Illinois lawmakers introduce bills to legalize marijuana
Emily Gray Brosious
March 23, 2017: 11:41 AM CT
(Photo credit: Justin Sullivan/Getty Images)
Illinois lawmakers introduced bills in the State House and Senate on Wednesday that would legalize marijuana for adults 21 and older.
The Senate bill, SB 316, sponsored by Democrat Heather Steans of Chicago, and an identical House bill, HB 2353, introduced by Democrat Kelly Cassidy of Chicago, would both make it legal for adults 21 and older to purchase, possess and grow limited quantities of marijuana for recreational use.
Both measures call for Illinois to enact a system of regulated marijuana sales, cultivation, processing and testing. The state would be tasked with licensing and regulating cannabis businesses and creating and enforcing a system of health and safety regulations. Testing and labeling would be mandatory for all cannabis products.
“Marijuana prohibition is a quagmire that creates far more problems than it prevents,” Cassidy said, according to Capitol Fax. “Several states have adopted sensible alternatives to prohibition, and it is time for Illinois to develop its own exit strategy. Regulating marijuana and removing the criminal element from marijuana production and sales will make our communities safer.”
Eight states have passed laws legalizing marijuana for adult recreational use, and states with operational cannabis retail markets, like Colorado, Washington and Oregon, have already seen significant financial gains from sales and excise taxes associated with legal pot.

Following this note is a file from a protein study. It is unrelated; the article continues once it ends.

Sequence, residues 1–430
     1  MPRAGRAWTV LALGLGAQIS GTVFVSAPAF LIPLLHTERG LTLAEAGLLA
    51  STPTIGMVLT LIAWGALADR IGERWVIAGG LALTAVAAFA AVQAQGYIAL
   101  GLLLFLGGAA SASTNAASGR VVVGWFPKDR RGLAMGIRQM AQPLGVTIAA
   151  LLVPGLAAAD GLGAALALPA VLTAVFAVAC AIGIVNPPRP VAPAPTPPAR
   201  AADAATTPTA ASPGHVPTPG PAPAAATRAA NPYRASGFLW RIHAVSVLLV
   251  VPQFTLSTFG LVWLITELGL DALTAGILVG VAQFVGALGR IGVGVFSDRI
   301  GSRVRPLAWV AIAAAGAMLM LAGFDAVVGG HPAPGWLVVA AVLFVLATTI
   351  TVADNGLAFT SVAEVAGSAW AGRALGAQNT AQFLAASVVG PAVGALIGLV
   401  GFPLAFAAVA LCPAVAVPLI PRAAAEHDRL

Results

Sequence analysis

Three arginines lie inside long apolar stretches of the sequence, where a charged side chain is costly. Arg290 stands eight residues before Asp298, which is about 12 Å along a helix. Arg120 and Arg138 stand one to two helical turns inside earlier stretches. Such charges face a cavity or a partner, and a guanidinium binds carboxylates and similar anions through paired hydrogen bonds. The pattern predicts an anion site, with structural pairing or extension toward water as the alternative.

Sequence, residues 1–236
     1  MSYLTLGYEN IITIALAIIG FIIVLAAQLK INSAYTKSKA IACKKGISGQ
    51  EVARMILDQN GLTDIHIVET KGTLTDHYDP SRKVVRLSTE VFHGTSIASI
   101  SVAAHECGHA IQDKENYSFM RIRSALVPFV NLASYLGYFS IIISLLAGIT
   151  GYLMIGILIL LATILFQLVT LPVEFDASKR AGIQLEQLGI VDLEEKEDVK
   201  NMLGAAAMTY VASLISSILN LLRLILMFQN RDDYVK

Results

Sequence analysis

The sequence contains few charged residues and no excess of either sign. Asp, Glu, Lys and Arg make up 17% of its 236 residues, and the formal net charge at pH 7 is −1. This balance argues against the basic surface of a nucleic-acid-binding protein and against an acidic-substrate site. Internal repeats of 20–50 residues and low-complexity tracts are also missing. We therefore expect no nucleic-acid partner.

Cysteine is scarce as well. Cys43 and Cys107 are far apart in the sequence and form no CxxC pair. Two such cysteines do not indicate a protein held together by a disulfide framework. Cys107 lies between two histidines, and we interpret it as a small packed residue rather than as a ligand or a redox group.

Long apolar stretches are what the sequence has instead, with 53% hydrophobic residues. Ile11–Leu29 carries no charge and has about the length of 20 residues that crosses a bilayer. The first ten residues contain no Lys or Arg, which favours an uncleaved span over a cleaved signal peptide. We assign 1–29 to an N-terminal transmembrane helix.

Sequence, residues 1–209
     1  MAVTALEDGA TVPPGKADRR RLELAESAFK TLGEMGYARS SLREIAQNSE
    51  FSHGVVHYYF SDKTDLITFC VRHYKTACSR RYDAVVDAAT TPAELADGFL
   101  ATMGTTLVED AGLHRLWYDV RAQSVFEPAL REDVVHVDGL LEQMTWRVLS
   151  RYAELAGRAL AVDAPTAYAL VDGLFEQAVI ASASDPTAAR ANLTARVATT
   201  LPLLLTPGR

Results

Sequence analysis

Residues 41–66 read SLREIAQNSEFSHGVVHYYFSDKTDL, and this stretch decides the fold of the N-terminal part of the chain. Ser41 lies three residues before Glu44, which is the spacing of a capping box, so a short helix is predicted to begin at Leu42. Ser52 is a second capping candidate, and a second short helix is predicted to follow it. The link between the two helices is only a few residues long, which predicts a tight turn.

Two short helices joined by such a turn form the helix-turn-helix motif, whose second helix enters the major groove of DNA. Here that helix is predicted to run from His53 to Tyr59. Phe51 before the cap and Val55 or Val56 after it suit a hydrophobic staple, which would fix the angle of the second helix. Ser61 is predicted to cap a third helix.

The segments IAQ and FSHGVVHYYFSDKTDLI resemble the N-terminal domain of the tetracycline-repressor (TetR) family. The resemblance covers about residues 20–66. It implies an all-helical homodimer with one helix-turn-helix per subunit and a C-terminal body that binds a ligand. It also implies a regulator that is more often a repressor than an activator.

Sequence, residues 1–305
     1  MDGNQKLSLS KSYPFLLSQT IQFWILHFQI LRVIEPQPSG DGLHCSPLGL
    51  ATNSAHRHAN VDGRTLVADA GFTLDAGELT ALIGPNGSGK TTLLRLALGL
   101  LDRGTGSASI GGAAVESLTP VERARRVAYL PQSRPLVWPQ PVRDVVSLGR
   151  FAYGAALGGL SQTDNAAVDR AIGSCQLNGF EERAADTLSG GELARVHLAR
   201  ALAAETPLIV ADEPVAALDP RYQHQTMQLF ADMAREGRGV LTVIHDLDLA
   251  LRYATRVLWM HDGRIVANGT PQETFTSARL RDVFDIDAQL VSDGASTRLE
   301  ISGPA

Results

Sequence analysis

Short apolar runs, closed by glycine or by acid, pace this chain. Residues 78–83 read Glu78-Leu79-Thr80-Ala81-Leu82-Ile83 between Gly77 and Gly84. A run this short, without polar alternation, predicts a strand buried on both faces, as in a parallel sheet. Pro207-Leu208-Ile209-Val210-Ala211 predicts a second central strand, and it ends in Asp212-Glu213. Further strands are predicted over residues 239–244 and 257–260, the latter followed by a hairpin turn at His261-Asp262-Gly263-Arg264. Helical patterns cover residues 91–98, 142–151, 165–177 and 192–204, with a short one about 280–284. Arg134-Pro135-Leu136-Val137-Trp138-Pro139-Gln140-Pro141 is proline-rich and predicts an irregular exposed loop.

Under the proposed measures, recreational marijuana would be taxed at $50 per wholesale ounce, and retail sales would be taxed at Illinois’ standard 6.25 percent sales tax, according to the Chicago Tribune. Half of the revenue from legal marijuana would go to the state’s general fund and the other half would go to public schools and drug abuse treatment and prevention programs.
Marijuana Policy Project estimates legal marijuana sales in Illinois could generate between $350 million and $700 million in annual tax revenue, the Chicago Reader reports.
“Right now, all the money being spent on marijuana is going into the pockets of criminals and cartels,” Steans said in a statement. “In a regulated system, the money would go into the cash registers of licensed, taxpaying businesses. It would generate hundreds of millions of dollars per year in new revenue for our state. Prohibition is a financial hole in the ground, and we should stop throwing taxpayer dollars into it.”
Illinois passed a medical marijuana pilot program in 2013, and medical marijuana dispensaries began selling cannabis to patients in 2015. The new measures would allow existing dispensaries to sell recreational cannabis to adults for one year, then state-licensed, recreational-only retailers would be allowed to open up shop as well.
Co-sponsors Steans and Cassidy say they probably won’t call the bills for a vote until next year, but they plan to hold hearings to get feedback from colleagues and gauge whether or not some version of these bills can get enough support to pass next year, according to the Chicago Tribune.
Illinois Gov. Bruce Rauner approved statewide marijuana decriminalization in 2016, but it’s not yet clear if the Republican would be open to legalizing marijuana for adult recreational use. Rauner is seeking re-election in 2018.